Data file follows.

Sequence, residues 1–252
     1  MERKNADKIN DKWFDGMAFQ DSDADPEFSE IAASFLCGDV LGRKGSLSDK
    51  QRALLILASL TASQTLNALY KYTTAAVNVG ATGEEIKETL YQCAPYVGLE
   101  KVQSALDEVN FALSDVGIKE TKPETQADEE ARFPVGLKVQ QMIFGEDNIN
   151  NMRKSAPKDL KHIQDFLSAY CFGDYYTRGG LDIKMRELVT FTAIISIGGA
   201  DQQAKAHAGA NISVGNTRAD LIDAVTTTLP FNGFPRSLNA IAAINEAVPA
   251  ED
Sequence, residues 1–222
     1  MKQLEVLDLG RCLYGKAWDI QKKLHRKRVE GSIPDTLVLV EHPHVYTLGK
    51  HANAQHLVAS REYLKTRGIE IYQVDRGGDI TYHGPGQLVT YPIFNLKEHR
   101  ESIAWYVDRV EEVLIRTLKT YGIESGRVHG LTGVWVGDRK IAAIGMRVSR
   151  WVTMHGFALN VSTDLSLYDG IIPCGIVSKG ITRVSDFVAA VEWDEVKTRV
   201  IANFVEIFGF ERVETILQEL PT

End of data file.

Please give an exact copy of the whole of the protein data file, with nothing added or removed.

Sequence, residues 1–252
     1  MERKNADKIN DKWFDGMAFQ DSDADPEFSE IAASFLCGDV LGRKGSLSDK
    51  QRALLILASL TASQTLNALY KYTTAAVNVG ATGEEIKETL YQCAPYVGLE
   101  KVQSALDEVN FALSDVGIKE TKPETQADEE ARFPVGLKVQ QMIFGEDNIN
   151  NMRKSAPKDL KHIQDFLSAY CFGDYYTRGG LDIKMRELVT FTAIISIGGA
   201  DQQAKAHAGA NISVGNTRAD LIDAVTTTLP FNGFPRSLNA IAAINEAVPA
   251  ED
Sequence, residues 1–222
     1  MKQLEVLDLG RCLYGKAWDI QKKLHRKRVE GSIPDTLVLV EHPHVYTLGK
    51  HANAQHLVAS REYLKTRGIE IYQVDRGGDI TYHGPGQLVT YPIFNLKEHR
   101  ESIAWYVDRV EEVLIRTLKT YGIESGRVHG LTGVWVGDRK IAAIGMRVSR
   151  WVTMHGFALN VSTDLSLYDG IIPCGIVSKG ITRVSDFVAA VEWDEVKTRV
   201  IANFVEIFGF ERVETILQEL PT